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High school art students at the UoR

University of Redlands opens doors to high school art students

Yucaipa High School graduate Alejandra Becerra holds up a bronze sculpture she made at during a week-long class for regional high school art students offered for the first time by the University of Redlands. (Beau Yarbrough/Staff)

REDLANDS - A dozen Inland Empire high school students and recent graduates got hands-on art training at the collegiate level this week.
"We had been wanting and talking about doing this for at least 10 years," Penny McElroy, a professor of art at the University of Redlands, said Friday. "The idea was to bring our neighbors in."

The program was free for the students, who are nominated by their high school art teachers. The university provided lunch, art materials and transportation if required.

"Art at the high school level has been attacked in the budget process," McElroy said. "What we're hoping to do eventually is expand the program, do more than one week."

This week, the students spent the mornings sculpting, with the ultimate result a small-but-heavy bronze sculpture. Afternoons were spent learning Photoshop and digital illustration. Students used their newly acquired digital skills to create super-powered self-portraits of themselves and illustrate the soundtrack of a movie of their lives.

"They have made tremendous progress," McElroy said.

McElroy has been teaching college students since 1984, and said even college students sometimes get tired by the long studio sessions: College classes typically run three hours at a time, while the high school students this week spent two and a half hours both before and after lunch working.
"But these kids have been great," she said. "We could probably do more; they don't seem to be tired at all."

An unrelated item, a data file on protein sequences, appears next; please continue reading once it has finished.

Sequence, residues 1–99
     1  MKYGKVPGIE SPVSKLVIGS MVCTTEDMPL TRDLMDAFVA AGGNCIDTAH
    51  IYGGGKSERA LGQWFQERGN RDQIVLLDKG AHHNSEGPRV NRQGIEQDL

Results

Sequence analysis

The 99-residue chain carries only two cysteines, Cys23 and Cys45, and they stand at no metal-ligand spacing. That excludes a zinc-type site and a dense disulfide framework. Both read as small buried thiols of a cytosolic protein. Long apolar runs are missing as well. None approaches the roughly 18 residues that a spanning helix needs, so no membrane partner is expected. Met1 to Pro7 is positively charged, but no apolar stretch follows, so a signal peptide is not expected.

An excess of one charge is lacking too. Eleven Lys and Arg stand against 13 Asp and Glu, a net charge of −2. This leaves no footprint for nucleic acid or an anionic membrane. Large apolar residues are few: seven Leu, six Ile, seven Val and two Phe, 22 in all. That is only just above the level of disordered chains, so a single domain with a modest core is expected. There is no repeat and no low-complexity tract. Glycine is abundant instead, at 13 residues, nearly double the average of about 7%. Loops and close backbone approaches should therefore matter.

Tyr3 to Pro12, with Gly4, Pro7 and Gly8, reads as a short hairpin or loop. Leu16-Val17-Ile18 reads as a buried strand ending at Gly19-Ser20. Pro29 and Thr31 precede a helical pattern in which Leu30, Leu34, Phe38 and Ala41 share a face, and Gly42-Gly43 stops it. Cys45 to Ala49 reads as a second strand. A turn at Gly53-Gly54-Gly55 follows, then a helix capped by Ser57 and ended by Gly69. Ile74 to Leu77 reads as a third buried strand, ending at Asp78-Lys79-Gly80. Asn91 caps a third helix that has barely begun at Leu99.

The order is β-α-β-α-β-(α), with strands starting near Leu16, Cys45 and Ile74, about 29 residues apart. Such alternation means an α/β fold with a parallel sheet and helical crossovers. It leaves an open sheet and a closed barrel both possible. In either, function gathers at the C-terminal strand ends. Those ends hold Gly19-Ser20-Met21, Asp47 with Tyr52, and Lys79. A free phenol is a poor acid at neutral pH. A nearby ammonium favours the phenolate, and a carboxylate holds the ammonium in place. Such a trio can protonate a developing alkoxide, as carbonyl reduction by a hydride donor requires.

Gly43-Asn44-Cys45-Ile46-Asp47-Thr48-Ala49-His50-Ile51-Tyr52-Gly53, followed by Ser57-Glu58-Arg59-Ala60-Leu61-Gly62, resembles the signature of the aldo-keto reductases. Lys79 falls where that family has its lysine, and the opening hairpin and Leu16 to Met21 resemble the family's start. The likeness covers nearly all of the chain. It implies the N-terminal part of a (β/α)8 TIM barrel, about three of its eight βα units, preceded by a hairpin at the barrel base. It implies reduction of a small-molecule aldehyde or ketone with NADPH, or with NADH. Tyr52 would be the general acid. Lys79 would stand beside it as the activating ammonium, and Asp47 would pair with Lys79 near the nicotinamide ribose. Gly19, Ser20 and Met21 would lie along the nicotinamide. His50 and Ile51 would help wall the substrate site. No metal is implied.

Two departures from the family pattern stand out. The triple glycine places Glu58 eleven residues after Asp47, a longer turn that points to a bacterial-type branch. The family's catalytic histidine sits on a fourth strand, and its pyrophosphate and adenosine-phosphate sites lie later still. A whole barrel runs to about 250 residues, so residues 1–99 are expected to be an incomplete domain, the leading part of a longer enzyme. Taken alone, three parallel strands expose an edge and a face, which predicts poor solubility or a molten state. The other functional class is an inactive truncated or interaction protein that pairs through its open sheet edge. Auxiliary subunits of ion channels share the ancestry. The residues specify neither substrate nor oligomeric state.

For Cassandra Fisher, a 2012 graduate from Yucaipa High School, the program was a chance to study art in a college environment, with different rules and expectations.

"I raised my hand and asked if the songs could cuss," or if she'd have to find a clean version of the songs, "and they said `no, this is college."'
"The teachers are not responsible if you're not here and they don't judge," said Alejandra Becerra, a 2012 Yucaipa High School graduate, who will be attending Cal State Fullerton in the fall, studying biology with the ultimate goal of being a gynecologist. "They let you be."

"It's actually been fun," said Raymond Delgado, a 2012 Redlands High School graduate. His bronze sculpture depicted a stylized howling animal. "I was thinking about doing it as a career."

The administration has been supportive of the program, Professor Ra l Acero said. He hopes to bring in high school art teachers, in a separate additional week next summer

"It's one of the best things I've been a part of in my whole career," Acero said. "I'd love to do it again."


Thurber, an English bulldog, is the University's mascot.
Thurber

He is named after Clarence Howe Thurber, University president from 1933-37.

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